Azerbaijan’s State Security Service (DTX) announced last week it had busted an Iranian spy network and arrested five Azerbaijani citizen on charges of treason. The five alleged spies had been gathering information about the Azerbaijani military, including its drones, and the country’s energy infrastructure. At least two of the suspects had received religious training in Iran.
The announcement came amid heightened tensions between the two neighbors. Early this month, the DTX announced the arrest of 19 people said to have been trained and funded by Iran’s intelligence services to carry out unspecified acts that would be “in violation of state security interests.”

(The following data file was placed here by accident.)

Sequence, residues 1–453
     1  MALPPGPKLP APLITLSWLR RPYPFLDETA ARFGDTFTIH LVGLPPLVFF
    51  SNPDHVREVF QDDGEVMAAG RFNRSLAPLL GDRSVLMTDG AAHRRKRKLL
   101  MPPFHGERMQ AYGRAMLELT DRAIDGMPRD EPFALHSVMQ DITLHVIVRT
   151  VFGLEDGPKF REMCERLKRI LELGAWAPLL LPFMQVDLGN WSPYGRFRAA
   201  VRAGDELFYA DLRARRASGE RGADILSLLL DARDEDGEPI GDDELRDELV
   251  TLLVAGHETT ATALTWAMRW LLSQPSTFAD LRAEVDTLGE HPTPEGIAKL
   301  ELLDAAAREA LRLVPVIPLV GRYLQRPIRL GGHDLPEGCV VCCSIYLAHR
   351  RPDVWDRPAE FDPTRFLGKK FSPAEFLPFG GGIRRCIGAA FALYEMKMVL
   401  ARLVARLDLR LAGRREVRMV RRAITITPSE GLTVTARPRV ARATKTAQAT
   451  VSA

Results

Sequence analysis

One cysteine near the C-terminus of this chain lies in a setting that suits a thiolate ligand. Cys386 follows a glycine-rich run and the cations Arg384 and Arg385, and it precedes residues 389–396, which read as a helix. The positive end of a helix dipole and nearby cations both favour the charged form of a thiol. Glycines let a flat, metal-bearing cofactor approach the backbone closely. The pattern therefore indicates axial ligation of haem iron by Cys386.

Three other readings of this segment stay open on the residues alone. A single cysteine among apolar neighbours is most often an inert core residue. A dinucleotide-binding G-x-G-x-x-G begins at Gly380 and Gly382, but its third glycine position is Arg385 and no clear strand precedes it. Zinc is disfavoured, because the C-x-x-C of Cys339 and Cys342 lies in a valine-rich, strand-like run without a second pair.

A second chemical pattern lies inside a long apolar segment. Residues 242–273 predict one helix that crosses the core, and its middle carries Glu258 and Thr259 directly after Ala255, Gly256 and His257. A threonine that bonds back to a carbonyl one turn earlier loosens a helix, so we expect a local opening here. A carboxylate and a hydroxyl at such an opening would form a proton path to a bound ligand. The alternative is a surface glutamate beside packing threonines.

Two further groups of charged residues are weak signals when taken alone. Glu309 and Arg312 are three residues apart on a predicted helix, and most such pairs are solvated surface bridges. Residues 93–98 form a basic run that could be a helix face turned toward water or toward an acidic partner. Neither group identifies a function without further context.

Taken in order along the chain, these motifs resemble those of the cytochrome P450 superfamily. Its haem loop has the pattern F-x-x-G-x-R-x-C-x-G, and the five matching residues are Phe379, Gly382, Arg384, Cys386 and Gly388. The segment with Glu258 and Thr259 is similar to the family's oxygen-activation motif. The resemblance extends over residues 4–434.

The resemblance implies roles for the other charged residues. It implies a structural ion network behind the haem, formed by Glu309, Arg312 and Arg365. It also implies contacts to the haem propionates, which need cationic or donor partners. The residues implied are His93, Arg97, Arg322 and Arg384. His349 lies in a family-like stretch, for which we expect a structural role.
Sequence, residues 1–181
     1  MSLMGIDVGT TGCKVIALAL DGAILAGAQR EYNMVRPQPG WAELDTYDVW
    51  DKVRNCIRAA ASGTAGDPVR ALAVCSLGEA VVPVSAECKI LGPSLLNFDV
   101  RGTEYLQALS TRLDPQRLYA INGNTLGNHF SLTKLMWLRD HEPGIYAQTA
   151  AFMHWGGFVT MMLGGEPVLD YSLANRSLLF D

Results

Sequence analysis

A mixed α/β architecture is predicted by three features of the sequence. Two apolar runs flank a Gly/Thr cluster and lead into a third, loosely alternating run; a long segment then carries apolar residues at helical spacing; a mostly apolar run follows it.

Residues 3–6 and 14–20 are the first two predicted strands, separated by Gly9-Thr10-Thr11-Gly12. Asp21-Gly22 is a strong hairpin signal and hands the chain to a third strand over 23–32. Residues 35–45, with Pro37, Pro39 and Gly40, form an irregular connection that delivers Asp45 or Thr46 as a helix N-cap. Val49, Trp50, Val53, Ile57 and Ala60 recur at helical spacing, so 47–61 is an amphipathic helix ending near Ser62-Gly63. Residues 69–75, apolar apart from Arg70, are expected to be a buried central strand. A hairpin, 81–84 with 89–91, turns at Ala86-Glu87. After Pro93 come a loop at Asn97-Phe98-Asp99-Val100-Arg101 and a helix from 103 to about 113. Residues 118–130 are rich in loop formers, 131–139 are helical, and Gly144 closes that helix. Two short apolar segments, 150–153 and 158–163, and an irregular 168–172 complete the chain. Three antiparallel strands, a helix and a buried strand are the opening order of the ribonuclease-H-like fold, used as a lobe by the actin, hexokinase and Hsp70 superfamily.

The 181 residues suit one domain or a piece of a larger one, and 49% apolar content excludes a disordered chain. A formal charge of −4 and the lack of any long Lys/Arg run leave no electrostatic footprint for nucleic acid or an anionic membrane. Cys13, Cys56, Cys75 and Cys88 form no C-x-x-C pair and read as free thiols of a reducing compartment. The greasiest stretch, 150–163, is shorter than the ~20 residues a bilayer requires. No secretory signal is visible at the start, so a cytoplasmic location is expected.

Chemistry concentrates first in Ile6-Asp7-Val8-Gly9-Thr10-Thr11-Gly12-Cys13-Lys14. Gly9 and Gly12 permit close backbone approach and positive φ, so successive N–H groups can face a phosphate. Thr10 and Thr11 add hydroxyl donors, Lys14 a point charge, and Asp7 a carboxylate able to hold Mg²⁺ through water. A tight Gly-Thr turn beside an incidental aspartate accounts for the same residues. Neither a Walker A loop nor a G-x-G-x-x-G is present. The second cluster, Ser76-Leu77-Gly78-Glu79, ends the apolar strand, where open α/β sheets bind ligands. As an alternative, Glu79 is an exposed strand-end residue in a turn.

Iran using Religious Schools to Recruit Spies
A November 14 statement by Azerbaijan’s state security agency DTX identified one of the alleged spies as Zahir Askarov. It said Askarov worked as a ship captain in the Caspian Sea Oil Flee, and was recruited by representatives of Iran’s intelligence services during religious training in the Iranian city of Qom. Askarov “collected information about the companies and representative offices of foreign countries operating in our country, the location and time of the exercises conducted by the Navy in the Caspian Sea, and the cargoes transported to the oil rigs in order to use them to the detriment of the sovereignty and defense capability” of Azerbaijan, according to the statement.
Another Azerbaijani citizen arrested was identified as Bakhtiyar Aghazadh. The DTX said he had gone to Iran for religious education and, while there, he agreed to cooperate with the Islamic Republic in exchange for money. He allegedly provided Iranian intelligence services with information about “offices of foreign countries operating in Azerbaijan, public political processes occurred in the country, military units, their locations and assignments, as well as military staff.”